The human chain of faith and devotion stretched unbroken: young men jogging in groups, chanting religious slogans and beating their chests; old men hobbling along, toting bundles of possessions on sticks slung over shoulders; women clad head to toe in black, walking separately, balancing purses or bottles of water on their heads.
Pilgrims all, the Shiite worshipers converged Sunday on the Iraqi holy city of Karbala to observe a centuries-old ceremony of sorrow and atonement that was suppressed during the 35-year rule of Saddam Hussein's Baath Party.
"We are supposed to be weeping, but I can't cry, I am just too happy," said Shindagh Ghayeb Idrissi, a toothless man dressed in rags. "I am a poor man. I have no job. But today my heart is flying because we are free."
The Shiite procession to Karbala is the largest demonstration yet of how Iraq's majority religious community is asserting its faith and traditions, a development that could have profound implications for postwar Iraq.
Shiite officials from the clerical committee that claims to control Karbala said they expect 4 million to 8 million people to arrive to attend Tuesday's ceremonies marking the anniversary of the 40th day of mourning for Imam Hussein, the Prophet Muhammad's grandson. His slaying by rival Muslims at a battle in Karbala in A.D. 680 cemented the schism between the Sunni and Shiite branches of Islam.
For Shiites, who suffered most under Saddam Hussein's boot, the collapse of the Baathist regime and the new religious freedom taste especially sweet. The Iraqi president was a Sunni who never relented on the Shiites, even in later years when he began cloaking his deeds and rhetoric in the mantle of Islam.
In the days since Saddam Hussein's fall, Shiites have rushed to assert their identity in small but significant ways.
Pointing to the freshly sprouting beard on his chin, Ayad Jaber Hamed Alami, 28, said the rigidly secularist Baath Party officials in his neighborhood had once beaten him for trying to grow a beard in keeping with Shiite religious traditions.
"Now I am free to grow my beard, and I will never shave it off," Alami said as he paused at one of the tented rest camps set up along the way.
Khalafi Khalifa, a tribal elder, said it was the cruelty of the Iraqi regime that had turned him to religion.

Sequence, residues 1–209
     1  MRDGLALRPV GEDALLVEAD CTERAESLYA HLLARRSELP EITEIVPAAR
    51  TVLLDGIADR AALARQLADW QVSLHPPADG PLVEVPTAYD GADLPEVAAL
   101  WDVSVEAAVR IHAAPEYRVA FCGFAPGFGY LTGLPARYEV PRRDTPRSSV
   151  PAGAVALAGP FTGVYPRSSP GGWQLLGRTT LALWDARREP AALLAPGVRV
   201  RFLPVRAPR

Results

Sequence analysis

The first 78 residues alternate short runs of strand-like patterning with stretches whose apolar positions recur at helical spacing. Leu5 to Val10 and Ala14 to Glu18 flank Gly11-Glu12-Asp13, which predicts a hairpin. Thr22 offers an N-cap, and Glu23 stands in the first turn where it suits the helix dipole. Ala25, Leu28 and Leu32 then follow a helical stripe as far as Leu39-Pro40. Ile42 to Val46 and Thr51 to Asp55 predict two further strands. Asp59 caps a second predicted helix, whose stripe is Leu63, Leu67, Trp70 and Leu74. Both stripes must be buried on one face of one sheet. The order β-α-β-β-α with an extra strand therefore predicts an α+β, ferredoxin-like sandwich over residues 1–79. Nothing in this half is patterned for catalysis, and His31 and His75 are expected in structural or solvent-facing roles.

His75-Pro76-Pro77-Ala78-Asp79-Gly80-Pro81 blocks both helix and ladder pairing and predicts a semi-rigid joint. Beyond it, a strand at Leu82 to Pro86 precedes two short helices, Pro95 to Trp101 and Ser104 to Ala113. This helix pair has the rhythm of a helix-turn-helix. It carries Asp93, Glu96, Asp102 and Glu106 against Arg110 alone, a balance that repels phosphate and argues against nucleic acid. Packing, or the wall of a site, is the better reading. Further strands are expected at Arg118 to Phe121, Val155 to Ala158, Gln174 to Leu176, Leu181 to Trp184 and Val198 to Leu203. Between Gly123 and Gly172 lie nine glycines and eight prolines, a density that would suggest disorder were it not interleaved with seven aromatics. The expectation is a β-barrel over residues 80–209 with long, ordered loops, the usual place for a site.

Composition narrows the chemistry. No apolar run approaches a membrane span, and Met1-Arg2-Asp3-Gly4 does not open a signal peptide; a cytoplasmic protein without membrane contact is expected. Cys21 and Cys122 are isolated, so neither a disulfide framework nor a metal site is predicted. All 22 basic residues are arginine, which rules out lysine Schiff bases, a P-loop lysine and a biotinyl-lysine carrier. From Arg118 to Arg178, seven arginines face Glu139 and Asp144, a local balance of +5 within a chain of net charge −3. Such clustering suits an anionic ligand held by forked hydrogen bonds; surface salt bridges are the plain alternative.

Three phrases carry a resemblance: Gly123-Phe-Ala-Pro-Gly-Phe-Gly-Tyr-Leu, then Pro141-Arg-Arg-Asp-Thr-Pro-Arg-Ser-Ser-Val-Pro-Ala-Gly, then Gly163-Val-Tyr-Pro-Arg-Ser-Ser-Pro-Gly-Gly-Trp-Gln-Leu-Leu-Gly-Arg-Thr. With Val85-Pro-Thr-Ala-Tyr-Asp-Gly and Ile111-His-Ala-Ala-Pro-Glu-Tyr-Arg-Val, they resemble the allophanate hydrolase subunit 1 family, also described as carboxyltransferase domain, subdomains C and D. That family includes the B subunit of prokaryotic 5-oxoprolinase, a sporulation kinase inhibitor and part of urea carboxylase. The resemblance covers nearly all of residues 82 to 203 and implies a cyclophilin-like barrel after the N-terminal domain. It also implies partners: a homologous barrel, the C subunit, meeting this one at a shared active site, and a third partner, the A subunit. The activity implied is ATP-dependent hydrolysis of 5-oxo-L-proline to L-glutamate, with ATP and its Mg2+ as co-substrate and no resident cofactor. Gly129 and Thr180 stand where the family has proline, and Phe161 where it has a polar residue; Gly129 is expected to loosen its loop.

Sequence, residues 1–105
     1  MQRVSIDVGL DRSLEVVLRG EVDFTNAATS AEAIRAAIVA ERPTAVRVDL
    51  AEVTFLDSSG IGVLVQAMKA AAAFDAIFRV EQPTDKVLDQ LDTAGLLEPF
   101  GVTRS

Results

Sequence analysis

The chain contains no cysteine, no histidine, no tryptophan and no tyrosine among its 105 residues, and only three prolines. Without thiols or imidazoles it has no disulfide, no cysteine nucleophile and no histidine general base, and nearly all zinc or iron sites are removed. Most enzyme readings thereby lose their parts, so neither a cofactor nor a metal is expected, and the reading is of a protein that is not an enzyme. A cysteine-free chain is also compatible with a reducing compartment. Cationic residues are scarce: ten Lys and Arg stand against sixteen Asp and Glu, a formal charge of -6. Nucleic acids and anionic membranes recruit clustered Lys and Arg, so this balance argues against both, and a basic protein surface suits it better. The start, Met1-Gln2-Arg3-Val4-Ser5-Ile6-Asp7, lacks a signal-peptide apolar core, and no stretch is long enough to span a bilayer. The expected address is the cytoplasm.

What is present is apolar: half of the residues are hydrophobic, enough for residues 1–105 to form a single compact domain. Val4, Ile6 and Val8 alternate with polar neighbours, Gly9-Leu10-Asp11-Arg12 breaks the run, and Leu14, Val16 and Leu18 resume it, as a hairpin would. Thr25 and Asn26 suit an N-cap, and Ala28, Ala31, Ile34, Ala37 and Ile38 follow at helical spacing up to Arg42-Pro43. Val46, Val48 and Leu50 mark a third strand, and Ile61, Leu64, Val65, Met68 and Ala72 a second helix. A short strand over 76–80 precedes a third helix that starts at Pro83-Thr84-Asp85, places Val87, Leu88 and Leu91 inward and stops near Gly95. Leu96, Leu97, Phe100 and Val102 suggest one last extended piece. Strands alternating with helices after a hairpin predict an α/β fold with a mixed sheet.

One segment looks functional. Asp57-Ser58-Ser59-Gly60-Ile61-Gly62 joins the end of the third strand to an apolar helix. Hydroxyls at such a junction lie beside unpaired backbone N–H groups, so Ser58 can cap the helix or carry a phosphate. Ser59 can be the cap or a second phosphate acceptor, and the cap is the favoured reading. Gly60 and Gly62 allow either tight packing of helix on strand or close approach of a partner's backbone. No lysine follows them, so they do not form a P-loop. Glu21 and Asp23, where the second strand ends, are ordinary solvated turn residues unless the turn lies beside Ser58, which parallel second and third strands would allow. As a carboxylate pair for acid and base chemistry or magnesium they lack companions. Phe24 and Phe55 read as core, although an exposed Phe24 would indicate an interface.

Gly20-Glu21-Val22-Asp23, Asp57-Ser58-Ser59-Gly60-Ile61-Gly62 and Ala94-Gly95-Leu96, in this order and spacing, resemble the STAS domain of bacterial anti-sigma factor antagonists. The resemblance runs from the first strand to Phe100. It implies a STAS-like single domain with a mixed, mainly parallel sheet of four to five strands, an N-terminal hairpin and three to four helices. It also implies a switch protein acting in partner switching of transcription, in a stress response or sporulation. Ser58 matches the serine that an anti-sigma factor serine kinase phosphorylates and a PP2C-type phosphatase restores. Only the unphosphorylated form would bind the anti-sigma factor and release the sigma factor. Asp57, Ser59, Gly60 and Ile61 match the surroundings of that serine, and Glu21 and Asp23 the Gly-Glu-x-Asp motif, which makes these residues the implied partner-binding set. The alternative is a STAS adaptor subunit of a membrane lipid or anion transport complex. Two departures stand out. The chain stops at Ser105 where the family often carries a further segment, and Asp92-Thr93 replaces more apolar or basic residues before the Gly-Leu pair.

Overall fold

"When I was a young man, I was not religious. But starting in 1991 I saw so much suffering among our people I decided I had to return to God," he said. "I made a vow that when Saddam was gone, I would walk to Karbala."
Influence on government
Already it is clear that any new government in Iraq will have to take into account the opinions of the Shiite majority, and notably of the powerful Shiite clergy of Najaf, the theological capital of Shiite Islam. They have moved to assert their influence in the days since the collapse of the Baath regime left Iraq without leaders or government.
From Basra to Baghdad, local clerics, citing the authority of Najaf's revered Hawza religious school, the world's premier center of Shiite learning, have stepped into the vacuum created by the collapse of the Baath Party to form local committees and assign armed young men to guard hospitals and homes against looters.
All along the road from Baghdad to Karbala, representatives of those committees, some with assault rifles slung over their shoulders, directed traffic and organized the flow of pilgrims. Many of the pilgrims carried banners declaring their allegiance to the Hawza school, whose alumni include the founder of the revolution in Iran, Ayatollah Ruhollah Khomeini, and the spiritual guide of the Lebanese Shiite Hezbollah movement, Mohammed Hussein Fadlallah.
The celebratory mood masked deep schisms within the Shiite community that have turned violent on more than one occasion since U.S. forces toppled Hussein's regime.
Divided over U.S.
At the heart of the divisions is the question of how the Shiite community will respond to the presence of U.S. forces in Iraq and what kind of government Iraq should have in the future.
A moderate Shiite cleric who returned from London with America's blessing after the war, Ayatollah Abdul Majeed Al Khoei, was murdered in Najaf earlier this month, and Iraq's top Shiite leader, Ayatollah Ali Sistani, was surrounded by an angry mob calling for his death after he had urged cooperation with U.S. forces.
In conversations with pilgrims along the route to Karbala, those divisions were evident. Some expressed warm thanks to the Americans for freeing them from Hussein's rule.
"Every American who came here deserves a medal, and I think President Bush and his children will ascend into paradise, for they are truly good people," said Daha Musa Abed, a 35-year-old guard.
But in Karbala, armed young men guarding the approach to the gold-domed Imam Hussein Mosque, where Tuesday's ceremonies will be focused, said Americans were not welcome in Iraq.
"We will fight America, and I expect every Muslim in the world to declare a jihad to force America from our country," said Najrah Jassem Aboud, 28, whose badge identified him as an official of Hawza's "internal security department."Copyright © 2014, Los Angeles Times